I can’t wait to see what’s next for Helen—and especially how this newly independent version of herself syncs up with the version of her we’re seeing in the flash-forwards—and these final few episodes should provide the most interesting version of the character that we’ve seen yet. Noah’s half of the episode doesn’t do much to disabuse the notion that he and Helen are being much more civil to each other, and I’m curious to see how this develops in the coming weeks, too.

And speaking of Noah’s side of things, it’s a pleasant surprise when we don’t re-do the events that we’ve just watched, even though there’s a glaring blindspot in the form of the Yankees game that we never see. Instead we jump ahead a week to when Martin is coming home from the hospital, and it feels somewhat telling considering how the past few episodes have shown Noah to get the “glass half full” side of the perspective. Helen is breaking down left and right, and Noah is eating cake and trying to even out a banner. Honestly though, after all of the pain and heartbreak that’s been going on, isn’t it just nice to watch these people have fun for a little bit? When Helen brought up homework, I was almost as disheartened as the children were. I just want to see this family feel like a family again, too.

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Noah’s bliss doesn’t last too long as his much-anticipated visit to Alison goes up in flames around him. The shattered state that we saw Alison in at the end of last episode has only intensified, with her living with her mother at a retreat, and her not even sure if her and Noah were still together. It’s a difficult scene as Noah finally has his life together in the right way, yet the final piece that’s never been a problem in the past is suddenly no longer fitting into the picture. Noah debates fiction versus reality with Alison, much like the series has been doing since it began, with this crucial fight almost being a literal manifestation of how you can’t write your own story. With how things are currently poised, it would make more sense than ever for Noah to return home to the life he knew and that’s what makes his genuine love for Alison so tragic.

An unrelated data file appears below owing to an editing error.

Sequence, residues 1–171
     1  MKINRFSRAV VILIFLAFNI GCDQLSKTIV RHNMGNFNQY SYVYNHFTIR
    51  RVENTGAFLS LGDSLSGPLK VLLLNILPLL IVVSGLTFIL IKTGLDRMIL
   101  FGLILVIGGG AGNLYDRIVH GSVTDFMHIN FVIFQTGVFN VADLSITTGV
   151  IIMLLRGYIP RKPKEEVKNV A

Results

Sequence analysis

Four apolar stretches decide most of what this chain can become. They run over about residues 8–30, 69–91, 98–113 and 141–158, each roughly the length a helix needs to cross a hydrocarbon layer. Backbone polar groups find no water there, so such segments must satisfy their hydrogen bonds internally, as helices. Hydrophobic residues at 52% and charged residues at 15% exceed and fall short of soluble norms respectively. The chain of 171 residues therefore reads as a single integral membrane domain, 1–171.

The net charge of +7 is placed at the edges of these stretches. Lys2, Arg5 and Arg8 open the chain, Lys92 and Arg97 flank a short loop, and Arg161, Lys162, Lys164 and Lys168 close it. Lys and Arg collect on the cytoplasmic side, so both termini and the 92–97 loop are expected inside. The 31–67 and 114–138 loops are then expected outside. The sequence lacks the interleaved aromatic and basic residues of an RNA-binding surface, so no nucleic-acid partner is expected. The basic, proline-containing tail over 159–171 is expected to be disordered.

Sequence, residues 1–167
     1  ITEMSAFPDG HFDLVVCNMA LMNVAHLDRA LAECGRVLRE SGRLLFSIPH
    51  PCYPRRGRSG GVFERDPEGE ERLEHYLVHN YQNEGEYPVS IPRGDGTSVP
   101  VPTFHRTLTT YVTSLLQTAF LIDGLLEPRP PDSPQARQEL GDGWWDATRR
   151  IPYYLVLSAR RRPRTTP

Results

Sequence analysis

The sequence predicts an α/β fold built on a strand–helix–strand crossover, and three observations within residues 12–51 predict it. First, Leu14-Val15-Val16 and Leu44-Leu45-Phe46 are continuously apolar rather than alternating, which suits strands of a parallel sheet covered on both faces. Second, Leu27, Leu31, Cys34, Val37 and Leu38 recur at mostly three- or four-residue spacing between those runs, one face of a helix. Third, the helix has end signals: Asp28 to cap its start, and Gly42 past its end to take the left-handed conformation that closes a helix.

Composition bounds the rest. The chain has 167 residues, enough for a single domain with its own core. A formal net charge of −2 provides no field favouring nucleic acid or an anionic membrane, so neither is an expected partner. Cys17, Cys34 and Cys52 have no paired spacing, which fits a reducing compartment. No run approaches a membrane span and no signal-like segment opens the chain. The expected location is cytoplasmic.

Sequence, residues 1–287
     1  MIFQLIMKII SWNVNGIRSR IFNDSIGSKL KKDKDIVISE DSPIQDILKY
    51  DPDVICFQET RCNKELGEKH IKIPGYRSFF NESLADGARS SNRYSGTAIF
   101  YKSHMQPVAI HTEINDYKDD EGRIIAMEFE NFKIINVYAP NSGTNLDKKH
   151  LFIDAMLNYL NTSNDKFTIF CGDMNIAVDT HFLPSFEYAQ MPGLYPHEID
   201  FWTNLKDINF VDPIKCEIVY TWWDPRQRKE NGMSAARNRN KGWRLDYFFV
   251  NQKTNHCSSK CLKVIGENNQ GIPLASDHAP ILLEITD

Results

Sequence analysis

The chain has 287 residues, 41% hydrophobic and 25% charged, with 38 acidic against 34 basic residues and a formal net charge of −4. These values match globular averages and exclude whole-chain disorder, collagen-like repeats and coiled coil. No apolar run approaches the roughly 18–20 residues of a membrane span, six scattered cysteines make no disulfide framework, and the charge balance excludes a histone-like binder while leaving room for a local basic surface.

In a funny way, this more callous version of Alison is the same self-actualized, truest version of herself that we’ve seen yet, much like what we see in Noah and Helen this week. Alison more than ever seems lucid and aware of how she works, it’s just a shame that it appears that it’s coming at the cost of Noah. He basically watches his relationship disintegrate around him, voiceless in the manner, as Sebastians are mentioned and Helen invests deeper in her new life.

The end of this episode is a fairly bold move for the show and one that I certainly didn’t expect them to be making this early. Noah is essentially told on every level that Alison isn’t right for him and he’s been attracted to the wrong aspects of her and overcompensating accordingly (as we simultaneously see that Noah might have just been a reaction for Alison, too). However, in spite of Noah following this advice, the two of them double down on their darkness and enhance the most reckless aspects of one another. It’s a fully toxic decision and one that hints at a dangerous final few episodes.

Even without the bombshell that Alison drops at the end of everything, matters are already considerably wrought. As we continue ahead in the second half of the season, The Affair’s focus seems to be a little less tight (as are its hold on the flash-forwards), but an exciting new narrative is being built here that has these characters heading in a direction I certainly wouldn’t have expected. And while a lot of this episode was interested in moving our characters into positive, constructive places, we know that soon enough Whitney is going to be the envy of her younger brother because she’ll be able to say, “I knew a guy once…But he died.”

Clock’s ticking, Scotty.

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4 out of 5